This clever metaphor doesn’t judge change to be either good or bad, but if the goal is to complete the cube, change is necessary.  Beyond the old axiom of change is inevitable, the passage elegantly brings additional context to the nature of change that are not so intuitive, i.e.  ‘Some things cannot be changed,’ ‘You can never change just one thing,’ and ‘You have to give up what you have to get what you want.’”

As it was read, the images of change at Easter were flashing in my mind with all the progress and complexity.  And then a larger question came to mind: does this puzzle toy and the physics that govern it represent our spiritual lives?  Are we prepared to uphold our values every day and not allow them to be changed?

Do we recognize all the transformations in our lives when we make a change that accepts God?  Do we cling to the unfinished present and sacrifice our future in the eyes of God?

Dear Lord, help us to see the changes in our lives that would serve you.  Guide us to separate those things derived from your word that must not change, from those things that must change in order to accomplish your will.  Please help us find the courage to let go of our time, talent, and treasure to serve you and others in need so that we may build a future with you.  In Jesus’ name we pray, Amen.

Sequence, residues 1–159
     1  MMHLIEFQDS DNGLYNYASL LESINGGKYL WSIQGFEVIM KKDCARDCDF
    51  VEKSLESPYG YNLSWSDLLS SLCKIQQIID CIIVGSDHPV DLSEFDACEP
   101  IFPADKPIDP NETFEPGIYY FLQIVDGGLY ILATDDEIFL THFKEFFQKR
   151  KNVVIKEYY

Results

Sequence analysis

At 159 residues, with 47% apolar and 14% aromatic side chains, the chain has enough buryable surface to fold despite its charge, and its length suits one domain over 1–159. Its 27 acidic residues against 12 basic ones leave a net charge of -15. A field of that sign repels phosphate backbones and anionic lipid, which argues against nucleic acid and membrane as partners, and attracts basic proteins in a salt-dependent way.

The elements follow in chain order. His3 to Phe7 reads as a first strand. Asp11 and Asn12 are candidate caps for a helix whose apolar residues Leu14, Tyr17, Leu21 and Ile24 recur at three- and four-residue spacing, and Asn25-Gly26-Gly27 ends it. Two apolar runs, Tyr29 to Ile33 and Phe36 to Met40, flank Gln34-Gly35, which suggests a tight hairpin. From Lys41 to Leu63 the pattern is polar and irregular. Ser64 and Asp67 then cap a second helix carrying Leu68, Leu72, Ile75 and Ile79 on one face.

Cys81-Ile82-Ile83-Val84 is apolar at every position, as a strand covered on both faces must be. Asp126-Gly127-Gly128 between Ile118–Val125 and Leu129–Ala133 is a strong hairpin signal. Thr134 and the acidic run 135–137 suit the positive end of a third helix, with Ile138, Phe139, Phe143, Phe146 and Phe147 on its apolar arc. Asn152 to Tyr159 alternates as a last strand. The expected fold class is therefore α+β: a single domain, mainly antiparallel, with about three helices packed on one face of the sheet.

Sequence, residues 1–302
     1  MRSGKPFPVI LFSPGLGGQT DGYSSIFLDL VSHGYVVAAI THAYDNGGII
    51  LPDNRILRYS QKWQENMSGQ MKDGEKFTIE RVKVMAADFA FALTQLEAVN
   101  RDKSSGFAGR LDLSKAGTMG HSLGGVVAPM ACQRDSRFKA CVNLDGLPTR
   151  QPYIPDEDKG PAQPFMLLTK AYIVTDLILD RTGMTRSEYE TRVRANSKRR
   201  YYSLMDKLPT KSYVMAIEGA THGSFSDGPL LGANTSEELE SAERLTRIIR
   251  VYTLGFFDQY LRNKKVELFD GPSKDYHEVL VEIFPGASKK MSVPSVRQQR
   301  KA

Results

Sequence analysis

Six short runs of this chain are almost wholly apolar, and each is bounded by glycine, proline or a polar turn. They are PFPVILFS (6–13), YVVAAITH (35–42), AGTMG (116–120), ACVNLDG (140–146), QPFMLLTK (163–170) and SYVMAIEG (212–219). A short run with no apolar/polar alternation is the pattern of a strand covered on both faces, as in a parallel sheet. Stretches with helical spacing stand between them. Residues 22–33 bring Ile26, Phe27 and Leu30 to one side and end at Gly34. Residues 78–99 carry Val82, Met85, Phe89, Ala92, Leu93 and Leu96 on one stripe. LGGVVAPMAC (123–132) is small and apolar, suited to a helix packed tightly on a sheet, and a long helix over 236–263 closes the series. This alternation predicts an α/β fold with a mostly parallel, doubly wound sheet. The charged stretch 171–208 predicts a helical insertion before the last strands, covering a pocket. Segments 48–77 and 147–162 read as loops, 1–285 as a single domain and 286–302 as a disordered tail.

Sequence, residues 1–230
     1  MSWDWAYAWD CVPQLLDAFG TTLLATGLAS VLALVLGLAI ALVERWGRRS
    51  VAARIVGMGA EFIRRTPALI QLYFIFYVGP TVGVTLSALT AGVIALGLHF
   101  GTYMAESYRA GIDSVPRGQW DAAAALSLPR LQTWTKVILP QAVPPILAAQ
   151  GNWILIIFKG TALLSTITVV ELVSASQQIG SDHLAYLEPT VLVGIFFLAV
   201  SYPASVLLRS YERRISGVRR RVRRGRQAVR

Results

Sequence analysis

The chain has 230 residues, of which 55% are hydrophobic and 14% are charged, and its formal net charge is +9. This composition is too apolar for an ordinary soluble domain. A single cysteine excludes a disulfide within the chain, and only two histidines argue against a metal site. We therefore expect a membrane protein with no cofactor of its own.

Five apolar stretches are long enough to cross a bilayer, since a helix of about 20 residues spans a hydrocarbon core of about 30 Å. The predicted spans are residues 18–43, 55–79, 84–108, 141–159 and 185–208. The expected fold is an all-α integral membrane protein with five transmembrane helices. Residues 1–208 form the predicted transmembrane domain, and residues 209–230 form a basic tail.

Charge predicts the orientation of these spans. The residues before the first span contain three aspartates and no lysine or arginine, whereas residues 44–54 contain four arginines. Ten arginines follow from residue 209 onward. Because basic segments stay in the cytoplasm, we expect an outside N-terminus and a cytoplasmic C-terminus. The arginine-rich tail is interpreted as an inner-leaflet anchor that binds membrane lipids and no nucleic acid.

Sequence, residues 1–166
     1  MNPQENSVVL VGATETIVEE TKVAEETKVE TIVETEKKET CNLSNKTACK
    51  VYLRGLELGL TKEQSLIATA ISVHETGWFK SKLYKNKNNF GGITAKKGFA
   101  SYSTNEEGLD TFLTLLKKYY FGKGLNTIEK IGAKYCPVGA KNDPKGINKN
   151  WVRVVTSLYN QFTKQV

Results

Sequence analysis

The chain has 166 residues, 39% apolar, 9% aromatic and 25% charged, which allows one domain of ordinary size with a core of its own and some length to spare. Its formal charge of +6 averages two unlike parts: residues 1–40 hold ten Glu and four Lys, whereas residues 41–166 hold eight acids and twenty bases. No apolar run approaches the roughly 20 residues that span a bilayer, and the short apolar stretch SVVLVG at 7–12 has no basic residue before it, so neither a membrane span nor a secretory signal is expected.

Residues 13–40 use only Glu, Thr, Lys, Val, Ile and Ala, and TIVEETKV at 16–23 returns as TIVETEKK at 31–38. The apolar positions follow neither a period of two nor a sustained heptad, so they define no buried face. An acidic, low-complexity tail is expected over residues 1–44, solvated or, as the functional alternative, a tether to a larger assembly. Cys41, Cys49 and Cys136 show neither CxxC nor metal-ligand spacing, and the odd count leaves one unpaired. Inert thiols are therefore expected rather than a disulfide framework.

Passing on Faith Through Rituals

This is a sermon delivered by Easter summer intern Meghan at Camp Wapo.

My name is Meghan and I am a junior nursing student at Luther College in Decorah, IA. This is my second year as an Easter intern, but my first time at Family Camp. Our theme for this weekend is Passing on Faith. I am going to give you my perspective of this theme and our reading this morning, hoping that maybe it will give you some insight to what it means to you.

The reading this morning reminded me of a ritual my family has, family camping in the summer. Let me first say that my idea of spending time outside revolves around sitting outside reading a book and once in a while taking a walk. So, camping, you can guess, has not been my most favorite family activity!!